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dc.contributor.advisorLiebler, Daniel C.en_US
dc.contributor.advisorFrench, Eden_US
dc.contributor.authorBaker, Daniel Lee, 1970-*
dc.creatorBaker, Daniel Lee, 1970-en_US
dc.date.accessioned2013-04-18T10:01:26Z
dc.date.available2013-04-18T10:01:26Z
dc.date.issued1998en_US
dc.identifier.urihttp://hdl.handle.net/10150/282742
dc.description.abstractRecent intervention trials reported that smokers given dietary β-carotene supplementation were at increased risk of lung cancer and overall mortality. These results were unexpected based on previous observational epidemiology, which suggested β-carotene would decrease the onset of lung cancer in these individuals. The mechanism by which β-carotene supplementation results in increased lung cancer among smokers has yet to be defined. However, one proposed explanation is that β-carotene acts as a prooxidant in lungs exposed to cigarette smoke and exacerbates oxidative damage. This project has examined the consequences resulting from interactions of cigarette smoke with β-carotene in model systems. A novel β-carotene oxidation product, 4-nitro-β-carotene has been identified from smoke oxidation of beta-carotene in solution. This product has been isolated by both reverse-phase and cyano-column HPLC, and characterized by UV-vis spectroscopy, APCI-LC-MS, and NMR spectrometry. This class of products includes cis and all-trans isomers of 4-nitro-β-carotene. A new method for measuring primary products of lipid peroxidation has been developed. This method is specific and sensitive for the determination of 9- and 13-hydroxy fatty acid methyl esters of octadecadienoic acid as pentafluorobenzoyl esters by GC-ECD. These compounds are derived from the first stable products of linoleic acid oxidation. Using the method discussed above, the interactions between β-carotene and cigarette smoke were examined in a liposomal model system. DLPC liposomes showed little differences in oxidative damage with or without β-carotene incorporation. This result was consistent with gas-phase or whole smoke exposures. The effect of β-carotene on the oxidation of other antioxidants was also examined. Both the lipid soluble antioxidant α-tocopherol and the water soluble antioxidant ascorbate showed lower oxidation rates due to smoke exposure in the presence of β-carotene than without. These data indicate that β-carotene does not have prooxidant effects in this system. β-carotene is oxidized by cigarette smoke in model systems. 4-Nitro-β-carotene is one of several classes of products resulting from cigarette smoke oxidation of β-carotene. β-Carotene incorporation did not increase oxidation of lipid or other antioxidants upon smoke exposure. It is unlikely a prooxidant effect of β-carotene is responsible for increased lung cancer observed in recent intervention trials.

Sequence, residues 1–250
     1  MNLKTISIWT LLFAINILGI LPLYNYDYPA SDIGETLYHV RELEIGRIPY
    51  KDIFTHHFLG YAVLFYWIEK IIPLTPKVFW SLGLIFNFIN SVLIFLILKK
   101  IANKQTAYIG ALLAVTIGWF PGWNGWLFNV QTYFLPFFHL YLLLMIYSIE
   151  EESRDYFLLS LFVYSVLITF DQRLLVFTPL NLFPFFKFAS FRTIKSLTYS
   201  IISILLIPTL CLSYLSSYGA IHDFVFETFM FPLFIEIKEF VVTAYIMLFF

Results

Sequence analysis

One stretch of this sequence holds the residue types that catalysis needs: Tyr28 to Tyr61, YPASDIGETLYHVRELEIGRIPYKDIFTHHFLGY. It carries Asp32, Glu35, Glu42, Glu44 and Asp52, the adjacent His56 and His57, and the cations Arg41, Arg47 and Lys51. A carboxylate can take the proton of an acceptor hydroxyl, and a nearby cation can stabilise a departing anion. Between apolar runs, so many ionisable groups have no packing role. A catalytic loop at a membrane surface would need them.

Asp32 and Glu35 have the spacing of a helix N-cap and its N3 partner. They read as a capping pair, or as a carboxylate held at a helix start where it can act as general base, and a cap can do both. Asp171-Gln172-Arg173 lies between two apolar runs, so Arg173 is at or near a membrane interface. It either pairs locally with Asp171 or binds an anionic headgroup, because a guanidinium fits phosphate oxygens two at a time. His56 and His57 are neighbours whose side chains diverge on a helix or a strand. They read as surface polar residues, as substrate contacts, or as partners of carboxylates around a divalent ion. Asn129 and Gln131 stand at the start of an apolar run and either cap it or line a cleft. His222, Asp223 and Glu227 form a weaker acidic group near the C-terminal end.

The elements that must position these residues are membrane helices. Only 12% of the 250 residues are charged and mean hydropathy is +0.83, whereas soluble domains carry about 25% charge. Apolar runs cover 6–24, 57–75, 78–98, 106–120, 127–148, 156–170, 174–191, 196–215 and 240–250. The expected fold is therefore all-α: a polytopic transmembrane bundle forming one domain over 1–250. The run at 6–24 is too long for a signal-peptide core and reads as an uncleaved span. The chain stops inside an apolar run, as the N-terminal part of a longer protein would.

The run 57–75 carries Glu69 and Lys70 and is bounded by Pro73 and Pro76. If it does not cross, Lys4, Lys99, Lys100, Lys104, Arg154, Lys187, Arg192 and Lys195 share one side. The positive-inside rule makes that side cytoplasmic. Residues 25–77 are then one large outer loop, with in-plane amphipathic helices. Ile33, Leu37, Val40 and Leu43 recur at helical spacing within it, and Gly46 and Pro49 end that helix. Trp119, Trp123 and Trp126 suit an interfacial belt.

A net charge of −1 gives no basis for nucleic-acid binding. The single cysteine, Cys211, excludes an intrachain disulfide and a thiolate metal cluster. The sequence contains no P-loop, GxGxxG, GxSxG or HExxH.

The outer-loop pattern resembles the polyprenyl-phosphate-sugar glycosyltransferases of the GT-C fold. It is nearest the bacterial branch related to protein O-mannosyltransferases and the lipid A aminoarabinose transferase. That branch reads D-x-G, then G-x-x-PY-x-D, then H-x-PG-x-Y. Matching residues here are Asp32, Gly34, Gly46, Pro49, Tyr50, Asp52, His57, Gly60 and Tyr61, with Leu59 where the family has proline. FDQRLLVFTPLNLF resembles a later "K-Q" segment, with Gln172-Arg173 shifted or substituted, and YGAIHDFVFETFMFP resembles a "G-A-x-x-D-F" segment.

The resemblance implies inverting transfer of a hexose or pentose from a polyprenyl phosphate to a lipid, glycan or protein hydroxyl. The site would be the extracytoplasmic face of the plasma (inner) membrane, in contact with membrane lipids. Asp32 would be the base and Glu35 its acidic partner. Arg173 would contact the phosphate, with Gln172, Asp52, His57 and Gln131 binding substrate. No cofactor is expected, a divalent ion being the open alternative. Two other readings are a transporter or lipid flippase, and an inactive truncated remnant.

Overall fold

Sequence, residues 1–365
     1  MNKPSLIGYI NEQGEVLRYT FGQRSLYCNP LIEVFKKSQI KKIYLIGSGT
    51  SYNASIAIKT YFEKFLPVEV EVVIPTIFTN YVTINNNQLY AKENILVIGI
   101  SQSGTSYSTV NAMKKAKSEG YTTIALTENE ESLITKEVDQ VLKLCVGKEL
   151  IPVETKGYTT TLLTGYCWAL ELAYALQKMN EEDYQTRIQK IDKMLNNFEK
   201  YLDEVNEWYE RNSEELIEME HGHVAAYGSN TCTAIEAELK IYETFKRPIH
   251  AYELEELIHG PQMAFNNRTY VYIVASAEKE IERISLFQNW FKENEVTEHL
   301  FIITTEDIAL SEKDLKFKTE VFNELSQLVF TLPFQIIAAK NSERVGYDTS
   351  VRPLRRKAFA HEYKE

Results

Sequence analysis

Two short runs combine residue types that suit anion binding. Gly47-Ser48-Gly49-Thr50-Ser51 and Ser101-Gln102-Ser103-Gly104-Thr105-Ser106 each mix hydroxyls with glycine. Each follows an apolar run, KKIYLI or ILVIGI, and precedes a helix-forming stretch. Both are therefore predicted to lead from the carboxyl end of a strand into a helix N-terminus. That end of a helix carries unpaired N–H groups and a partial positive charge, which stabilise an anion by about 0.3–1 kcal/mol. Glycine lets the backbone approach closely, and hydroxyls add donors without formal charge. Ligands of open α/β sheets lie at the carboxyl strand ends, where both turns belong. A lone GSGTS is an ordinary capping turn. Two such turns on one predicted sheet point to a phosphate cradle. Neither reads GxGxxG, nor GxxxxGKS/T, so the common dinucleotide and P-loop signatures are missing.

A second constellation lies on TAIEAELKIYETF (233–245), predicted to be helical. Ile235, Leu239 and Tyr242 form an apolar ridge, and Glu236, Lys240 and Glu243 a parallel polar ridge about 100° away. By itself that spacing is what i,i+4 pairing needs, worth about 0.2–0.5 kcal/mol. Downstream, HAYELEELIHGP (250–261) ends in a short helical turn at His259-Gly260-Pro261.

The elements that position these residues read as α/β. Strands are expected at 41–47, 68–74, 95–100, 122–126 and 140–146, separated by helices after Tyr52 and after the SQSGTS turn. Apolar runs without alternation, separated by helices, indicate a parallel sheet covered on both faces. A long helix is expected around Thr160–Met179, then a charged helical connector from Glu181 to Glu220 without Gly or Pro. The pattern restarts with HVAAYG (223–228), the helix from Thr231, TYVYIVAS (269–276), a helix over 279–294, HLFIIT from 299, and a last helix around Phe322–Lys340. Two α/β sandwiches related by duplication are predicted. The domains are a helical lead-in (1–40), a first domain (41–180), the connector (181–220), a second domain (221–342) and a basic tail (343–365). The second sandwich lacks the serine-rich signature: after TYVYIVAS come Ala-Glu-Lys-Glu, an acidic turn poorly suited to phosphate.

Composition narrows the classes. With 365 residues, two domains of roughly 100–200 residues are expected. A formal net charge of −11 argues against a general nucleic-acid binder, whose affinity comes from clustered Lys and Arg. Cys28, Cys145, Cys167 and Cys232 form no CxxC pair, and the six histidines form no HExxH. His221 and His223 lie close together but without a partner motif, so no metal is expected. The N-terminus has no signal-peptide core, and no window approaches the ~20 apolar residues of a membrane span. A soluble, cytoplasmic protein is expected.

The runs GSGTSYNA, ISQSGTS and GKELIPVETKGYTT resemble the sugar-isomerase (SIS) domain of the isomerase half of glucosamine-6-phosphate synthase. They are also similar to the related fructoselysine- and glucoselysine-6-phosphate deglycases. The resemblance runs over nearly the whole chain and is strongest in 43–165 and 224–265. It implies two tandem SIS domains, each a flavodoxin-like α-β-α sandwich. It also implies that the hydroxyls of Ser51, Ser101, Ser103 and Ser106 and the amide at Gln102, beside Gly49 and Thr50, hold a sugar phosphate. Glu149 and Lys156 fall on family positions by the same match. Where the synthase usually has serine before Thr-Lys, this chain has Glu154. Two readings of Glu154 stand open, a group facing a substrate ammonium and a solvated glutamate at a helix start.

dc.language.isoen_USen_US
dc.publisherThe University of Arizona.en_US
dc.rightsCopyright © is held by the author. Digital access to this material is made possible by the University Libraries, University of Arizona. Further transmission, reproduction or presentation (such as public display or performance) of protected items is prohibited except with permission of the author.en_US